If you are not a sports fan, you might want to stop reading now because you aren’t really going to understand this. It is going to lack perspective. It will sound lopsided and dumb. And it will be the textbook definition of unreasonable. It is somewhere between irrational and insane, though it will not make sense only in the way a foreign language doesn’t make sense until you care enough to learn it, at which time fluency brings clarity. But it is also going to be the God’s honest truth.
A fanatical portion of South Florida will enter a different realm of being beginning Thursday night because of how a basketball bounces, and it will feel completely crazy and cultish. Sports fans who care about championships, connecting themselves to the millionaire entertainers in a way that feels proprietary, finding identity in team colors and civic pride, essentially choose to be temporarily bipolar with this kind of investment, the manic highs and lows swinging from bliss to depression in a way that can take on the properties of a mood disorder.
Two years ago at about this time, the Miami Heat lost at the end in a crushing way, and what washed over the cult of fandom was something that felt like sickness. TVs were turned off to avoid coverage. Quiet, please, I’m not feeling well. Work was missed or done poorly. Not just a game was lost; so was sleep. It felt like a bone-weary flu that made the haunted want to throw up in a bucket. That feeling — of loss — was very real. And it was a weight to be carried around in stomachs like nausea for days or weeks depending on how deeply you had been afflicted. It is one of the oddest things about sports: Some fans hurt more profoundly than the players paid to have suffered the pain.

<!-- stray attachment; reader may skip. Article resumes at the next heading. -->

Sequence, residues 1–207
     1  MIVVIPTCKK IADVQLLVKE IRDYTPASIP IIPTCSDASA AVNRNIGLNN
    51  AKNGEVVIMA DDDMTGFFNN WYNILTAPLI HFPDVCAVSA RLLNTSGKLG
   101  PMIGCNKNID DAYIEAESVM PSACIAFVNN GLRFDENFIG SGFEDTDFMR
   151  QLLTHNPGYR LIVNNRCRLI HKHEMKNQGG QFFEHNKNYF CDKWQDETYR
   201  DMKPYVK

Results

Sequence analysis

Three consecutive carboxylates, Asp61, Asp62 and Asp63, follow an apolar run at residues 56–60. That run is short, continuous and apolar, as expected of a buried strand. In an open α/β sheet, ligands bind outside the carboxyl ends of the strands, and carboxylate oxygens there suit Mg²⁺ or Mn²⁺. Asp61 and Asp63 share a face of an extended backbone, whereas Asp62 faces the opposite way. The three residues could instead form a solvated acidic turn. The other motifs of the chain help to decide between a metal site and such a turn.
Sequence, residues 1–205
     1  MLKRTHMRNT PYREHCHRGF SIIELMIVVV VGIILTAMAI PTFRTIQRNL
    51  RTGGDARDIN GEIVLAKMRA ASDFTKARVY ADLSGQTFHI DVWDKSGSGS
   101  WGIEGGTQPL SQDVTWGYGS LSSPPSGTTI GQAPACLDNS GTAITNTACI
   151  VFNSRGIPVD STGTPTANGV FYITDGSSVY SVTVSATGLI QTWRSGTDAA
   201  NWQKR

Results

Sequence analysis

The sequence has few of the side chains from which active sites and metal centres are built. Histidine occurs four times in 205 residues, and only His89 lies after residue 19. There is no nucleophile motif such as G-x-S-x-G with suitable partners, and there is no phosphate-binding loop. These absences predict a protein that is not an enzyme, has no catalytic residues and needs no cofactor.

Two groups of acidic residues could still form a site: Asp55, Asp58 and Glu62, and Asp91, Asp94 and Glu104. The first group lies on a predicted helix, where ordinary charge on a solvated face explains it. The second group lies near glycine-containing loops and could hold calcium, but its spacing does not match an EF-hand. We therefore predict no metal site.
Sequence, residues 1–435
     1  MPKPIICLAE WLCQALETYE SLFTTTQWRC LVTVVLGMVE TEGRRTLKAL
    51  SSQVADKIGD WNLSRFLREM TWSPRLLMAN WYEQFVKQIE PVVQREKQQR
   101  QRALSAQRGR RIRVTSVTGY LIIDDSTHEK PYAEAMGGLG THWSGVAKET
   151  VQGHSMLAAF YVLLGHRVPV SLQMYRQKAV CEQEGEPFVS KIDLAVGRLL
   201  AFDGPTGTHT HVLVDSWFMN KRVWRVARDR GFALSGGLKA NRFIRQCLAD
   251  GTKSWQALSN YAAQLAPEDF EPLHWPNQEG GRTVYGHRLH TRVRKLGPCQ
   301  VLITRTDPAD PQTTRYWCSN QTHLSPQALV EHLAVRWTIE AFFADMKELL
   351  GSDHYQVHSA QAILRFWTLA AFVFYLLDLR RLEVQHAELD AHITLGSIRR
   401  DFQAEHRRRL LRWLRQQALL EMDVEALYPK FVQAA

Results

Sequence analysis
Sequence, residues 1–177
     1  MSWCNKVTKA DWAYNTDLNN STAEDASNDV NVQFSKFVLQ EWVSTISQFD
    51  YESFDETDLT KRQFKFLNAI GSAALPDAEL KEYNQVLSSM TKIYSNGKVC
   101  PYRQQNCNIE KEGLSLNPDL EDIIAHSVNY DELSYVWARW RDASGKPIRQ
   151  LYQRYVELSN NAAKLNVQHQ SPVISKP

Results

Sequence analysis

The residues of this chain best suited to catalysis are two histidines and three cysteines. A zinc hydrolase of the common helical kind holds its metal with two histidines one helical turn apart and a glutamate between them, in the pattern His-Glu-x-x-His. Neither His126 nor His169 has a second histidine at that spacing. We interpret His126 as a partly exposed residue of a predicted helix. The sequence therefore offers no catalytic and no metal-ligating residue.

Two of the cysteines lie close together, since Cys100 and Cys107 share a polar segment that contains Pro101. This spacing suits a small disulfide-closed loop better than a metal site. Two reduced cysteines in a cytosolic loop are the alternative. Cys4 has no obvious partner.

A year ago at about this time, though, this mood disorder swung the other way. The Heat won and not only purged itself of this awful feeling but gave the viral strain to the rest of a Heat-hating Sports America. South Florida was not only immune now; it delighted in giving this contagious disease to the rest of the country. It can be said without overstatement that the feeling — of winning, and of sharing the winning with your neighbors — gave people a happiness that made their daily lives feel better, if even for a moment, and even if other bad things were going on in those daily lives. Caring deeply can wound deeply, but caring deeply can also feel something like fulfillment, and that feeling can be so big and strong that you can feel it even though the accomplishment isn’t really even yours.
Well, this is interesting. Because now everything from those past two years is somehow squeezed into one seven-game series against the San Antonio Spurs. All of it. Two years of frenzied insanity has been condensed into two weeks, and it is like putting Disney World in a capsule. All that up and down has reached a tipping point that shakes and rattles the Heat’s blueprint every bit as much as it shakes the Heat’s arena. The only two exit ramps on this particular highway are Lunacy and Madness.
Win two championships in three years and the LeBron James Decision to come to Miami becomes a ringing success for the ages, remembered by South Florida and history as an inspired triumph. Lose two championships in three years, though, and you are mocked by a laughing America as a disappointment/failure again ... and the questions start anew and immediately about whether this, the most rallied-around team in the history of South Florida sports, will even be kept intact after next year.